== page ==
Depending on who’s talking, Florida is either a leader or a laggard in inoculating residents against COVID-19. And it’s possible to find data to back up either claim.
Florida, for instance, doesn’t look so good compared to Alaska and West Virginia, which lead the nation in the percentage of residents who have received at least one dose of the vaccine. But Florida has administered more of its available vaccine than Pennsylvania, Arizona and about 20 other states. Two data points, two different conclusions.
Many Floridians trying to get a shot have described the system as slow, frustrating and “absolute chaos.” On the flip side, a recent Wall Street Journal column said “those seeking solutions must come to grips with the reality of red states such as Florida, West Virginia and Texas accomplishing COVID inoculations, while blue California and New York falter.”
New York certainly bungled part of its rollout with its way-too-punitive rules that had too many hospitals and other vaccine providers worried that they would face harsh consequences if they vaccinated the wrong people. The unneeded bureaucracy reportedly resulted in wasted vaccines.
But how does Florida compare to New York and the two other largest states, Texas and California? Before jumping in, it’s worth noting that the figures will change quickly in coming weeks as states receive more vaccine and get it into residents’ arms. Also, some of the numbers are reported in different ways by different agencies, which can complicate direct comparisons. And states face many different challenges — some have more residents reluctant to get any kind of vaccine, for instance — better left for more extensive analysis.
With the disclaimers out of the way, we’ll look at two major measures — the number of people vaccinate per 100 residents and how efficiently states use the supply of vaccine sent by the federal government.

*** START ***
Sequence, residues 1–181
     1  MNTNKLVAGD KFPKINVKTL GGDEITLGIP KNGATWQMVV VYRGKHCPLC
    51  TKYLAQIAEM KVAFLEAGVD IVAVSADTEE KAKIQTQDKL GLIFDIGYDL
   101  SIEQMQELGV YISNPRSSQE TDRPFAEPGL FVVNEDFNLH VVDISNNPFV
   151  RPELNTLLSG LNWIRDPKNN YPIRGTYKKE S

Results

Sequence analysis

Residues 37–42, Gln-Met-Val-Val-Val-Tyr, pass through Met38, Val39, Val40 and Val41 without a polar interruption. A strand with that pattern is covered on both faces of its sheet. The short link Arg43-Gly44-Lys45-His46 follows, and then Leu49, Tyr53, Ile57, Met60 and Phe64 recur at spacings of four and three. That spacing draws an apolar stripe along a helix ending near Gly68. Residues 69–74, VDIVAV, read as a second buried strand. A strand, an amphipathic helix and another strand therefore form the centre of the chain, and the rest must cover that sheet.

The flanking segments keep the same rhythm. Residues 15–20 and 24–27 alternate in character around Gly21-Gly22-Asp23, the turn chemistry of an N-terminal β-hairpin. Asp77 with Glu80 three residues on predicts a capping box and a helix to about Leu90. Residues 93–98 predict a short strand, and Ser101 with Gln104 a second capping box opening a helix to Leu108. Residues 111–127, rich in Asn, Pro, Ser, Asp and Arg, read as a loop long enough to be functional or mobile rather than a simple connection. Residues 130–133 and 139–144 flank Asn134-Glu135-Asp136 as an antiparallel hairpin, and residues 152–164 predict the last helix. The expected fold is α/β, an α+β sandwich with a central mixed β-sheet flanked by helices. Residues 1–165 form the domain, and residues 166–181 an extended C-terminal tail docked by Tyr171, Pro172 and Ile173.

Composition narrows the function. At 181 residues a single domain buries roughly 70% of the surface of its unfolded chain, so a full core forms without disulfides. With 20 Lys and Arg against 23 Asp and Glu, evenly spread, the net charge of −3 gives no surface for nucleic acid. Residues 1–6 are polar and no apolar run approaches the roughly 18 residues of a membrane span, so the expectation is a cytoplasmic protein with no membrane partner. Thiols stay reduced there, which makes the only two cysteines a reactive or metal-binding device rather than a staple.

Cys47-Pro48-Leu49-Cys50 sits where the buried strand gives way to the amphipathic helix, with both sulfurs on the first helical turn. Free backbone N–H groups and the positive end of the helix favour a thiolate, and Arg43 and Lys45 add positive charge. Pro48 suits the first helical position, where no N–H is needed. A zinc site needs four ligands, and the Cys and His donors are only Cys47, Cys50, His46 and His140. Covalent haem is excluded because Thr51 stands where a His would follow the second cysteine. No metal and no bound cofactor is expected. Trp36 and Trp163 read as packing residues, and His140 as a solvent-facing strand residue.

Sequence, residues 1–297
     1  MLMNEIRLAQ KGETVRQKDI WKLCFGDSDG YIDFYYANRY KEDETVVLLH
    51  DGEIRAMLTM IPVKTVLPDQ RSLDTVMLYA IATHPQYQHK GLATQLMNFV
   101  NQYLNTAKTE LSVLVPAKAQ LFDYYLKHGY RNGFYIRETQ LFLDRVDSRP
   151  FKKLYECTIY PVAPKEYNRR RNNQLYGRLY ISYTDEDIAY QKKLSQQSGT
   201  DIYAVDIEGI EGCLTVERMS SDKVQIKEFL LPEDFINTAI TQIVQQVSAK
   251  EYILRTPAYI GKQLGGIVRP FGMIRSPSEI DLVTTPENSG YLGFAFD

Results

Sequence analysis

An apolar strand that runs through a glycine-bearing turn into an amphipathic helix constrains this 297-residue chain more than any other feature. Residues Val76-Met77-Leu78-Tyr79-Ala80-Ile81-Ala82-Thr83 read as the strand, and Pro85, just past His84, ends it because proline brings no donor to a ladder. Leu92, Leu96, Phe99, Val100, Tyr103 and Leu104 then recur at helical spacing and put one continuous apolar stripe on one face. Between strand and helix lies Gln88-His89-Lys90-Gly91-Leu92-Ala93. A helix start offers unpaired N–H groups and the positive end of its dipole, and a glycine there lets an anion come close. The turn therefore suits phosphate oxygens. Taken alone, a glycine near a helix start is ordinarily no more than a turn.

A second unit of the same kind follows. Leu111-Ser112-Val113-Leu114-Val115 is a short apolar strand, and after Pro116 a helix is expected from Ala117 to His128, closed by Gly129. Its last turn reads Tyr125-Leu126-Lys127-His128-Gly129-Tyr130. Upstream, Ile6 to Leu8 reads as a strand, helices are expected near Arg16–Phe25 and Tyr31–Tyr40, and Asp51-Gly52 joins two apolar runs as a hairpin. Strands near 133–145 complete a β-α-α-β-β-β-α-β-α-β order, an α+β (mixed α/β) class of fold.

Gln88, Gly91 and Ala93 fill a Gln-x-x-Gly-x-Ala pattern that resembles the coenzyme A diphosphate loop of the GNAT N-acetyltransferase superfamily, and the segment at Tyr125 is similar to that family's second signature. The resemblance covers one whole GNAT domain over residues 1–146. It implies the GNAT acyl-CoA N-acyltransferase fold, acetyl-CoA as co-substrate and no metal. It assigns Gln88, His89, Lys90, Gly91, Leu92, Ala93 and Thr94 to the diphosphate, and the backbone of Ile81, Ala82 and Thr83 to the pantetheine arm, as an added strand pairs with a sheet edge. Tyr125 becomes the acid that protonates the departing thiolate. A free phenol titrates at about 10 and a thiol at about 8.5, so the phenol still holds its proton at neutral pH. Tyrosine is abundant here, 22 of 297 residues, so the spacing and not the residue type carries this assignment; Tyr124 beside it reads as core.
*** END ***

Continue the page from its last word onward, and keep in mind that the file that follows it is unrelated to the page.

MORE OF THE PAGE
As mentioned, Alaska (12.88) and West Virginia (11.47) lead on the first measure. And North Dakota has administered an impressive 84 percent of the vaccine it has received, tops among the states.
As for the four big states, the current rankings depend on the data source. Figures from the Centers for Disease Control and Prevention don’t always match numbers from local and state agencies. Either way, Florida fares well, though so does New York.
And none of the four largest states rank near the top or bottom compared to the rest of the states.
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What about how efficiently the four big states get the vaccine into people’s arms? New York and Texas appear to be doing a better job than Florida, with California again bringing up the rear.
The takeaway from these two basic measures: Florida isn’t doing poorly, at least compared to all the other states, but it’s not exactly tops on the leaderboard. New York is faring better than you may have been led to believe, and California has some explaining to do.
Editorials are the institutional voice of the Tampa Bay Times. The members of the Editorial Board are Editor of Editorials Graham Brink, editorial writers John Hill and Jim Verhulst, and Times Chairman and CEO Paul Tash. Follow @TBTimes_Opinion on Twitter for more opinion news